Music was such an important part of my pre-college life, but I haven’t had the time to keep up with it. My college experience has been very Do as much as you can in the least amount of time in order to save the most money. (Three degrees. Three years. Ready to go!) I’ve worked a lot and haven’t had extra time for things like updating my music library. My iPod is filled with the same albums I listened to when I was sixteen.
Today, Sir Ferdinand shuffled to Styrofoam Plates, an old Death Cab for Cutie song. I used to be all about Death Cab for Cutie, because I had a lot of feelings as a teenager. I immediately reached down to skip it (because, oh, how my tastes have grown) but I let it play through. It’s too angst-ridden for me, these days. Styrofoam Plates is an ambling, five-and-half-minute, bitter song with clashing chords and self-indulgent woe-is-me lyrics. (Maybe you should just go read them.) It’s hard to listen to now, but when I was sixteen? I think this was my most-played song.
The whole thing feels a bit dramatic and ridiculous now, but sixteen-year-old Lydia found it incredibly satisfying to yell, “It’s no stretch to say that you weren’t quite a father!” and “You’re a disgrace to the concept of family!” and “Just cause he’s gone it doesn’t change the fact: he was a bastard in life, thus a bastard in death!” (I told you the lyrics were dramatic.)
Sixteen-year-old Lydia had a tough time navigating emotions. Sylvia Plath’s “Daddy” was a favorite of mine at the time, too. I remember writing out that last line, “Daddy, daddy you bastard, I’m through” and having lots of feelings. (I must have thought bastard was the worst insult then.) I was struggling to navigate the coarse*, complicated, lonesome echoes of structure and stability. I was trying to figure out the meaning of family, how mine could be so shattered, and how a family so big could be so distant. And the only way I knew how to process all that confusion was by indulging in my own dramatics.
*I do mean coarse, not course. It was a coarse course. I patched the holes in my tarlatan home with burlap, and softness was scratched away when gusts blew through.
Indulging in my dramatics was an incredibly terrible choice. I did not make great decisions. I never got caught and there weren’t any consequences, which only resulted in a prolonged period of stupidity. I skipped more classes than I attended, but I kept getting As, so nobody mentioned it. I was never at home. There were lots of nights I didn’t even bother to go home. I was also drunk, a lot. I participated in way too many self-harming activities. All of which is a really stupid way to handle your life.
I think, at the time, I really needed some sort of adult interference or guidance, and I just wasn’t getting it. I made terrible decisions because I was kind of waiting for someone to tell me to knock it off…but nobody ever did, so I just kept being an idiot. I reached a point where I thought, “Everything hurts and nothing matters, so screw it all.”
To put things in perspective, my foray in rebellion was probably more tame than most kids’ regular high school experience. (Like, I was in no way selling my body for drugs.) But it was a huge personality/behavior/life-outlook shift for me. In the moment, all I could think was, “I will never recover. I will be defined by the blight of my genetics for my entire life. I will be alone forever because I am unlovable so I’ll just make more bad decisions because there is no light, in fact this tunnel of terror has no end!”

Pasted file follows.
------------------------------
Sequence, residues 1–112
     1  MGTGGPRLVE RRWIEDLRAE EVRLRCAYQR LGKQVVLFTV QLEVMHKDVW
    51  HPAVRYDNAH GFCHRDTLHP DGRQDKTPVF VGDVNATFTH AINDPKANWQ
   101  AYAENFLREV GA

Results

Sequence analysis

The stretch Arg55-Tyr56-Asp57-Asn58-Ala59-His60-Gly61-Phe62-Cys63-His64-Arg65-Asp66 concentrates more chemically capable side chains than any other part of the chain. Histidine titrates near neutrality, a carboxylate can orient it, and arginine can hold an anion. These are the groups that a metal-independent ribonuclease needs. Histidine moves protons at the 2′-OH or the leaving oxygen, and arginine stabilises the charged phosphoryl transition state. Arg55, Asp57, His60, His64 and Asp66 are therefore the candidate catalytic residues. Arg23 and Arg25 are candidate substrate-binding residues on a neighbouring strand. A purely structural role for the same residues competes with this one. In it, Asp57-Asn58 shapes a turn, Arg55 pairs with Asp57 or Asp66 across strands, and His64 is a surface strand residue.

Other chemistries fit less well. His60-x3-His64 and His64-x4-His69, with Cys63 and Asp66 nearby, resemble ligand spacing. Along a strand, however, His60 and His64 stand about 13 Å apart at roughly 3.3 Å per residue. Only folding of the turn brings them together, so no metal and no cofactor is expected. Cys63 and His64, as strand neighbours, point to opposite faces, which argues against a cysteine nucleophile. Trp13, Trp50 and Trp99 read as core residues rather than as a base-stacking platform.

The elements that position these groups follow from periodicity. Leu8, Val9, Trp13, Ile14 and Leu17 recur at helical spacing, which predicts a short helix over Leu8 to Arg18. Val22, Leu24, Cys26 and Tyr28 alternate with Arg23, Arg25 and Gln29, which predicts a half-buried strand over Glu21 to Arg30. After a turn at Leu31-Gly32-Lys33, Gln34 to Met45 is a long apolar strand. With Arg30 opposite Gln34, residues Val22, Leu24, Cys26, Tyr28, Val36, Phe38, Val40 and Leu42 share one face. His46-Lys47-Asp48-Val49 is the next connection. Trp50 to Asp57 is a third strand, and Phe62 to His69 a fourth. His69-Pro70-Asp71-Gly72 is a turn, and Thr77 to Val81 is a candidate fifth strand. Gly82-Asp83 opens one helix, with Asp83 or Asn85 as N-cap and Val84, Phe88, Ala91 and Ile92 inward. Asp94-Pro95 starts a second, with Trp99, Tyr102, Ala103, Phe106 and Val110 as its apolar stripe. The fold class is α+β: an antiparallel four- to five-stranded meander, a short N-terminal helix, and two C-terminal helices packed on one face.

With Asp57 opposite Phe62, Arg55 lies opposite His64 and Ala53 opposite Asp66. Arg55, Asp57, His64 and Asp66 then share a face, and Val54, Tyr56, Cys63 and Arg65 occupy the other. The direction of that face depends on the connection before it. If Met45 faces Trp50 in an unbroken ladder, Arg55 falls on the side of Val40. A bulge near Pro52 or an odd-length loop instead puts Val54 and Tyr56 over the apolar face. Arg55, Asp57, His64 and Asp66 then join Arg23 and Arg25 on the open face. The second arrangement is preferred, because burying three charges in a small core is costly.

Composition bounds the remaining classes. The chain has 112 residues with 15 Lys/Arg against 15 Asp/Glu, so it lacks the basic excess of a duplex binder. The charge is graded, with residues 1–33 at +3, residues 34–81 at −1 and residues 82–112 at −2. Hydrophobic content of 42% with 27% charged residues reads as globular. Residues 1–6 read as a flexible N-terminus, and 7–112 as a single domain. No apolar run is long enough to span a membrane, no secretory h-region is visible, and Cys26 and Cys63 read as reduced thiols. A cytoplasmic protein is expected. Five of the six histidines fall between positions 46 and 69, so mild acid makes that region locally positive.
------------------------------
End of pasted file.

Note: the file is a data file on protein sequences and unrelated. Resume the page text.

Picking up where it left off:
It’s been a really long time since I felt that way. (Happily!) I spent a long time trying to atone for my lapses, especially in my first year of college. (None of the alcohol! All of the homework!! Triple the course load!!!) And now, though it’s only been a few years, I barely remember feeling so hopeless and lost. I don’t dwell on the abusive, traumatizing bits of my history or the dramatic unraveling of my family. All those things feel very distant. I’ve been talking about them fairly frequently here, but I don’t think I could have addressed them until I reached this point of…closure?
I’ve done a lot to get better. I eat and keep my body whole and I take care of myself. I changed my phone number, because I finally couldn’t take the voicemails from my dad, screaming at me for being awful, or the text messages he’d send telling me I was a bitch/cold-hearted/terrible/unlovable/better dead. I changed my name because I wanted to live my life autonomously. I stopped blaming myself. I still come undone when the family I left (for good reason! for my safety/sanity/in order to keep living!) imposes themselves on me. Sometimes I get emails, cards passed along through my sister, messages passed through my mom, all telling me that I was the wrong one, that I am wrong.
But I’m right. I’m all right. I am well and whole. And even though I’ll always have this messy past that’s difficult to explain, it doesn’t feel so bad these days. We’re all trying to make it through the lives we’ve been given. (I don’t know who the giver of lives is, but that’s another matter entirely.) I think I would have reached this peace a lot sooner if I hadn’t taken a trip to Crazyville in my teenage years (I’m twenty-one. Is it too soon to call them my “teenage years”?) but I did take that trip, and in all the ways that it was bad, it was also good. That detour was important in its own way… but I really don’t suggest taking it. Eventually, I gave myself time to sort through my life’s shards and I let the distance between the pain and the present stretch out.
Everything is going to be okay, for me and for you. You’re going to make it. Take care of yourselves. Don’t starve or cut or try to kill yourselves. Your self is an important self, and you’re going to be okay.
You just need some time and distance.